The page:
I didn't quite expect the kind of positive response for my Danish Butter Cookies when I posted them. Interestingly among the comments for the posts, almost all of them alluded to nostalgia of some form or other... key buzz words included : Nostalgic, Memories, Childhood, Reminisce... Yes, nostalgia is a powerful ingredient as is eloquently captured in Joycelyne Shu's new book. If you have been a fan of her blog, Kuidaore, then you will enjoy her book. Filled with great nostalgic treats, most of them entrenched in a deeper and more passionate sense of history and root that are keenly appreciated through her own personal experiences....
For me, I have come to conclude that Nostalgia,as a flavour, is like a good wine that needs aging and maturing. The older you get, the fonder and the more potent it becomes... as in, for example, there is more nostalgic punch when a 50 year old reminisces about something he or she has eaten at the age of 10 vs a 20 year old dreaming about a taste he/she had when he/she was 10.
Do not over think when you are dealing with flavour elements that has strong lineage to memories and childhood. Very often than not, you will find yourself working against the usual theory and definition of good flavours. The dish can be crude and unpalatable to others but douse it in a coat of warm fuzzy nostalgia, they can beat Pierre Herme's Macarons anytime! Such is the liberating power of Nostalgia. To question or doubt Nostalgia only suggests that subject is frigid and uptight.
I was in Hong Kong 2 weeks ago wandering along the famous Shanghai Street. It was there that I spotted these oval shaped tart molds. The first imagery that came into my mind was Saint Honore Cake Shop's oval egg tart. For those who are old enough to remember, Saint Honore Cake Shop from Hong Kong, made a brief but illustrious appearance in our local bakery scene here in the eighties. They opened their first shop at Marina Bay and aggressively advertised about their oval shaped egg tarts. I recall queuing for their tarts during their first few opening weeks....and the shop assistants' sing-song Hong Kong English accent. Simple fare that caught on like wild fire. I know I was besotted. Their egg custard was smooth and shiny, tender and wobbly....the pastry crumbly and thin.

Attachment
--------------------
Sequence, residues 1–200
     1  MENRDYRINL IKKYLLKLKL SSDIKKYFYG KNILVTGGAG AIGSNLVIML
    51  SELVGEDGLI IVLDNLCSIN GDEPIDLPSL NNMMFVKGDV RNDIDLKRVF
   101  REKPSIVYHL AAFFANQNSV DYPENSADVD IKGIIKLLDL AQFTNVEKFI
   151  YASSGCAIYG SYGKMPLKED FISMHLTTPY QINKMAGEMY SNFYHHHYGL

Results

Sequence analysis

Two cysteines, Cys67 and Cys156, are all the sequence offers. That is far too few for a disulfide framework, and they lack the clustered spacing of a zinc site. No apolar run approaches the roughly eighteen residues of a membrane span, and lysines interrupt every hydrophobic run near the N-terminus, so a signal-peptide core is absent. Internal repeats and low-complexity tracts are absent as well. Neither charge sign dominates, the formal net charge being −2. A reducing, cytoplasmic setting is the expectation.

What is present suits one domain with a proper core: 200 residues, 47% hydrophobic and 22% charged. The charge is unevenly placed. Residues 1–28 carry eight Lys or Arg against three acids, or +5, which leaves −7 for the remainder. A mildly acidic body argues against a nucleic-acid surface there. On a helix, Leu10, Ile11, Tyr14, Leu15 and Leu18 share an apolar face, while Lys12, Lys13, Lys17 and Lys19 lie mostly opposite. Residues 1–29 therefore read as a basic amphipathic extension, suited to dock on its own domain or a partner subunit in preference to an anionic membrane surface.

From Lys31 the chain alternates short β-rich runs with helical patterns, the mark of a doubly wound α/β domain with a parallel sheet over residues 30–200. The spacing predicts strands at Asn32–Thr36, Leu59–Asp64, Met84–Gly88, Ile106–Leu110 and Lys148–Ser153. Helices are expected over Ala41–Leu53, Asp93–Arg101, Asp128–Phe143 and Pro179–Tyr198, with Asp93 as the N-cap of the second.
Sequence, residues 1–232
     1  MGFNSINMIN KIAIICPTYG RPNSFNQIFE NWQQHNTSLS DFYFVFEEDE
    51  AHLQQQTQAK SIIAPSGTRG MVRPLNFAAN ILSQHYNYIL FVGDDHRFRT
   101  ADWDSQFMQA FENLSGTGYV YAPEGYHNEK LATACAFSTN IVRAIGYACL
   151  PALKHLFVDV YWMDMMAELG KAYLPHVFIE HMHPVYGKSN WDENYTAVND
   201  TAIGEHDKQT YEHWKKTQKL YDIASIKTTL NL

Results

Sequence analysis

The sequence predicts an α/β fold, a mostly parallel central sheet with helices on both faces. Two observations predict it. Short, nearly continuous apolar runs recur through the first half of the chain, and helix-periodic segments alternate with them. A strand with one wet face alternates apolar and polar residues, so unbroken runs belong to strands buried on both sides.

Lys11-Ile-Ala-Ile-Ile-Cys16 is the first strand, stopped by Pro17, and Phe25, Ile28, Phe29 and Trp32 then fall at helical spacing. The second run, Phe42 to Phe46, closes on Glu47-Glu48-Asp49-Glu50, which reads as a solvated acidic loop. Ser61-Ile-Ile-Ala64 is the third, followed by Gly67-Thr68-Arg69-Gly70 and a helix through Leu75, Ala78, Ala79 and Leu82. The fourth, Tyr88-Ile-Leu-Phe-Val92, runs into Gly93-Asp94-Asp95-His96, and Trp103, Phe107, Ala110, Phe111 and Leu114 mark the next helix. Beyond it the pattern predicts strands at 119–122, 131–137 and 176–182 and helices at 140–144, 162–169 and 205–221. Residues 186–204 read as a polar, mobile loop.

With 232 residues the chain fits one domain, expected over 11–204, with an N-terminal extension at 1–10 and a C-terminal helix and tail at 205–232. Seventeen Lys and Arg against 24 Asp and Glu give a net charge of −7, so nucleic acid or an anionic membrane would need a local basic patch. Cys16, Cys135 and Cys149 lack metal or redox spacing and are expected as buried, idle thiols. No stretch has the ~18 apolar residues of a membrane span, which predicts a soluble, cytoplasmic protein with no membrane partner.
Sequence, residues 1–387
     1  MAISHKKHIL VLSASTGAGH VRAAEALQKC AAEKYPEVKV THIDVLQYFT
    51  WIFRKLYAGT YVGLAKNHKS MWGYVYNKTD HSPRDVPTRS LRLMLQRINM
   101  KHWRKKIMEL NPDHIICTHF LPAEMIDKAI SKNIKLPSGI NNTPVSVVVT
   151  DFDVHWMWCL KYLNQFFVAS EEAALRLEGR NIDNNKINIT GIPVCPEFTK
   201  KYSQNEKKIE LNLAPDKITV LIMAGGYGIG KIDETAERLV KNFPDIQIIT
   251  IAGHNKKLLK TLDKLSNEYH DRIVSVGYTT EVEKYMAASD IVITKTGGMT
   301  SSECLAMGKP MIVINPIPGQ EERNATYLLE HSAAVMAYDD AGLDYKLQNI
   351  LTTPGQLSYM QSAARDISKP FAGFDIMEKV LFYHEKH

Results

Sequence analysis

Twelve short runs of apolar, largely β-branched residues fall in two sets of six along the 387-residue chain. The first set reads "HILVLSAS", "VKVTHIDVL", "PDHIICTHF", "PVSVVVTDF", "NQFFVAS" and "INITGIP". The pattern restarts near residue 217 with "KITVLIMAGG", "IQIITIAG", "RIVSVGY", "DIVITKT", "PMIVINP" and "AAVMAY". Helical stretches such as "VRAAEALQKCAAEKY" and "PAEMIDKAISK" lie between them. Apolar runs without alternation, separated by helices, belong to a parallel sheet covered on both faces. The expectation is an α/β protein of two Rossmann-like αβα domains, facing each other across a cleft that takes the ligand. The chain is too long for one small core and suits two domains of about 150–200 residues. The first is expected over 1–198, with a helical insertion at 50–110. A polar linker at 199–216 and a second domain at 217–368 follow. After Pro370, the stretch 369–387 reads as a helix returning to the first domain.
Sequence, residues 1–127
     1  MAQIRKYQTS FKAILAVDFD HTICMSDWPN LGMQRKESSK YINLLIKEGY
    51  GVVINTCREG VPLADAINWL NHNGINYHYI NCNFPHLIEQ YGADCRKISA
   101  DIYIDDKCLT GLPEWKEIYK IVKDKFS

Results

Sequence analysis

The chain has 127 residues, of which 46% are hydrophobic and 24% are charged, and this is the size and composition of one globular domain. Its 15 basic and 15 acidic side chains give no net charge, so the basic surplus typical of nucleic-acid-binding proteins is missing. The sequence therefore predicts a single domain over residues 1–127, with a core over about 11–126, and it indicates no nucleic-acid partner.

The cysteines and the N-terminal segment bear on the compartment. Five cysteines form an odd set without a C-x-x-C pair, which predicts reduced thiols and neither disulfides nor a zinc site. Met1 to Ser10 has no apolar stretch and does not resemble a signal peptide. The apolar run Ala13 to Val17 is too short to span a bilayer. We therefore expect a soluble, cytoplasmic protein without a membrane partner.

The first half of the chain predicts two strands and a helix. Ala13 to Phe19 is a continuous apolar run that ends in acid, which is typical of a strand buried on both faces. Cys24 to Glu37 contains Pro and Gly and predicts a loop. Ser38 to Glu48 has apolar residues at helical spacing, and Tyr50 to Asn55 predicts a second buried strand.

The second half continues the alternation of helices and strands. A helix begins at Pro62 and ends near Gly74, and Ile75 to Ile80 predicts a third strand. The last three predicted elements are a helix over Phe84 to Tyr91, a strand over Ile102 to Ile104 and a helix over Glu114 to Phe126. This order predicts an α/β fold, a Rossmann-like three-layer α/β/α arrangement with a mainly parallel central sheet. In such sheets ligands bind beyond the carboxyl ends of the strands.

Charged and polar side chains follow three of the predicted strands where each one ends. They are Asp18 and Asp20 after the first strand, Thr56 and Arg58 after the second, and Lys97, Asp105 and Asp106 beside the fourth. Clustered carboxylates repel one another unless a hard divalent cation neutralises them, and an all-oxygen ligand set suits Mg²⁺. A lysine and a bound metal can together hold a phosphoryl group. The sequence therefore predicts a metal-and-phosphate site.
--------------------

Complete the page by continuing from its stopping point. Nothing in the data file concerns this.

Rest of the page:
I also couldn't understand how a popular shop like theirs did not survive in Singapore. Did they not expand fast enough or was the market too immature for slightly more sophisticated pastry back then? I have no idea but Saint Honore is still operating its pastry chains in Hong Kong today and till date, their oval shaped egg tarts remain on of their perennial favourites....
When I decided to recreate the egg tart with these molds, there were a couple of elements which I knew I had to nail : a thin short crust pastry shell that would hold its form and a tender, silken tofu like egg custard. Googling over internet, I found a couple of forums discussing about this but it was at this site that I found something comprehensive and promising.... I am very pleased with the results and I suspect if you were to try it, you would be too.
90g Unsalted butter
40g Powdered sugar
170g Plain flour
8g Evaporated Milk
80g Castor Sugar
50g Evaporated milk
1. Cream softened butter with sugar until white and creamy.
2. Add egg (12g) and mix until well incorporated.
3. Add evaporated milk (8g) to (2) and mix until well incorporated.
4. Add in flour and mix well.
5. Chill the dough in the fridge for an hour before dividing the dough into 10 portions. Press the dough into a tart mold and press well to line the tart mold. Chill the lined tart molds for 15 mins. In the mean time, prepare custard.
6. Prepare custard by mixing all ingredients for custard together.
7. Pour custard mixture into tart casings.
8. Bake at 250C for 10 mins until custard sets.